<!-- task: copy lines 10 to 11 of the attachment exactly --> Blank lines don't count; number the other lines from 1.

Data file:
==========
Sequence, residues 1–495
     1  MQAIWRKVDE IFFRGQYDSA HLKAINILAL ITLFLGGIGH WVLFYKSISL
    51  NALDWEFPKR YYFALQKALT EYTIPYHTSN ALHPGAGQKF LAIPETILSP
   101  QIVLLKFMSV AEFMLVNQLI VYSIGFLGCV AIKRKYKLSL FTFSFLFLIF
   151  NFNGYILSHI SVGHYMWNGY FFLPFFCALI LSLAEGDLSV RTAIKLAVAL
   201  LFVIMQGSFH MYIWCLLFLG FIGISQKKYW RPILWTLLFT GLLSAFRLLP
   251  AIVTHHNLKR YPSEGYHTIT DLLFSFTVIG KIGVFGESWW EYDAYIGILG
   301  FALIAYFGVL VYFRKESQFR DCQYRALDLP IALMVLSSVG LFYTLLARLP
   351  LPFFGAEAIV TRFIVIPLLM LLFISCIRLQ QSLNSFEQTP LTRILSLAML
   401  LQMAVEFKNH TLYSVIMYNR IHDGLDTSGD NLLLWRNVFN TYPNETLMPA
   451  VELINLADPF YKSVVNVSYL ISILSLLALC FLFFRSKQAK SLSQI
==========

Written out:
   401  LQMAVEFKNH TLYSVIMYNR IHDGLDTSGD NLLLWRNVFN TYPNETLMPA
   451  VELINLADPF YKSVVNVSYL ISILSLLALC FLFFRSKQAK SLSQI